The sagebrush/grassland community is the one where much of the management controversy exists. However, the questions asked above could apply as well to the other community types discussed. It is important to consider the value of these communities in their current status, ecologically, and from a wildlife habitat perspective, in addition to considering whether or not there is a significant change in their relative presence.

The value of these vegetation communities and recommendations for how they should be managed in the future, recognizing the multiple values to wildlife, recreation, scenic values, and economic uses is continued in Chapter 3. Recommendations for the Future. At that point, trade-offs between the various resource values and uses are discussed, weighed and balanced.

G. Relationship to Ecological Concerns at a Larger Scale

"The Northern Region Overview, October 1998" published by the US Forest Service, Region 1, outlined the following as their number 1 and 2 restoration priorities across the Region based on ecological trends:

Priority 1 
Conversion due to conifer encroachment & fire exclusion
Dry Douglas-fir 
Priority 1 
Change in density & aerial extent due to fire exclusion
Whitebark pine 
Priority 1 
Loss to blister rust, fire exclusion, mountain pine beetle
Lodgepole pine 
Priority 3 
Change in age structure pattern due to fire suppression
Priority 2 
Structural change, loss of grass due to fire exclusion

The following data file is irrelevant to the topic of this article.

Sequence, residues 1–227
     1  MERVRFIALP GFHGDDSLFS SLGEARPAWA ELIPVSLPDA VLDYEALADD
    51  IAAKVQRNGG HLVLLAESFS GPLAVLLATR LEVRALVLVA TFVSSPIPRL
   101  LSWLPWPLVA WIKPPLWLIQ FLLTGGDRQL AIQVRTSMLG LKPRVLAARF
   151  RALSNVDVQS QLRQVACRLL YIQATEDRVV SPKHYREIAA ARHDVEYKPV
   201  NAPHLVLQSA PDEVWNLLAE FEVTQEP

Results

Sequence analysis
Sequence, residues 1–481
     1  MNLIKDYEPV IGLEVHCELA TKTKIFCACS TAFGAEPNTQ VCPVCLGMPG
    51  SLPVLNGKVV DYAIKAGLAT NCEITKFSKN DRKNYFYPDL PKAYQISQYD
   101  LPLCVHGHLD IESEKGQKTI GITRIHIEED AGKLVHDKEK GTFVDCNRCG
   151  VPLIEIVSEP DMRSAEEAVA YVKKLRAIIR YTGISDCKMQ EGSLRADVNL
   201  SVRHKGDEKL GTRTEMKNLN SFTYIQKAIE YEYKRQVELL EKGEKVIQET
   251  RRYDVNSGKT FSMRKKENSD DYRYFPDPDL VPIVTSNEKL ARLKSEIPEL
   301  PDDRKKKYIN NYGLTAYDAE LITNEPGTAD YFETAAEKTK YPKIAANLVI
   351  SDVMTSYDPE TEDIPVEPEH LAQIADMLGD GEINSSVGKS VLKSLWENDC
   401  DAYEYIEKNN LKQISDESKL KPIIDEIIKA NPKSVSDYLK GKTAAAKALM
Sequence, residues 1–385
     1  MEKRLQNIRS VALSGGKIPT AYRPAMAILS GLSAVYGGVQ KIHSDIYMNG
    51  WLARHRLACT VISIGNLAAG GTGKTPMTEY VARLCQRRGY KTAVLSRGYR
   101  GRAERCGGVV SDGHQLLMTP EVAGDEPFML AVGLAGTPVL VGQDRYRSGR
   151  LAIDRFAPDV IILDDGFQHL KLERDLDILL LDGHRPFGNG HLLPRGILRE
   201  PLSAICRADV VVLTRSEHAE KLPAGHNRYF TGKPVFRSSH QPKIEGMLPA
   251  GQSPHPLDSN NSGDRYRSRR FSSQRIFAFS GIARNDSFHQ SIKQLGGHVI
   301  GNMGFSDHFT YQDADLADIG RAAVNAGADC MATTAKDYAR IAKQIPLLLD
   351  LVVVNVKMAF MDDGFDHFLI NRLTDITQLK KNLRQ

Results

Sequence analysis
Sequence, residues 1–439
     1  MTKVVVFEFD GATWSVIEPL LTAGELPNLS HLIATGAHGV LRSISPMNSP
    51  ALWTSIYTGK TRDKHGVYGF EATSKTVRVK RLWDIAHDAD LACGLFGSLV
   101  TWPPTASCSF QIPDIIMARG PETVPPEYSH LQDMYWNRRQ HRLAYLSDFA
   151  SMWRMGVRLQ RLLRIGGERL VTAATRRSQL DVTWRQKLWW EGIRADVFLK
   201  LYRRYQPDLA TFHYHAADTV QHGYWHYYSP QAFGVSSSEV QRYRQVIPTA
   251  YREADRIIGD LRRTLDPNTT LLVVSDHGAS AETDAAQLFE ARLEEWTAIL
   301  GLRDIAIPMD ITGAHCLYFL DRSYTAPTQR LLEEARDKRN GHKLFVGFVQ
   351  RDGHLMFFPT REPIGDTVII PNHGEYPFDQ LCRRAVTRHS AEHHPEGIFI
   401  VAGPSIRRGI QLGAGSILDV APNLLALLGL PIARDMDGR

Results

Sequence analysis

Groups of upland 
Priority 1 
Interface with dry conifer type & conifer encroachment grass/shrubs(Juniper/sage, due to fire exclusion (majority of big game winter range). 
Bitterbrush/ bunchgrass, etc.
Riparian shrub/graminoid bottoms
Priority blank 
Grazing shifted species composition to upland types due to stream channel changes 
For this region of southwest Montana, Charlie Russell/ Cradle of Mountains Zone, the report note the following plant communities most at risk (types not present in the Gravellys left off this list):
      Whitebark pine  
      Dry Douglas fir  
      Lodgepole pine  
      Upland grass/shrubs  
      Noxious weeds
These communities were considered at risk due to past and potential future loss in aerial extent of the cover type; significant changes in landscape level heterogeneity (fragmentation); significant changes in structure (both density and change in distribution of structural stages); and susceptibility to spread of noxious weeds.


In order to understand the role of vegetation in the landscape, we need to understand the types of, condition of, and potential for change in the plant communities in the Gravelly Landscape. In the section above, we described the types of vegetation currently occurring and some history related to how those types came about. In this next section, we will describe the makeup and ecology of those types to predict how vegetation might change in the future.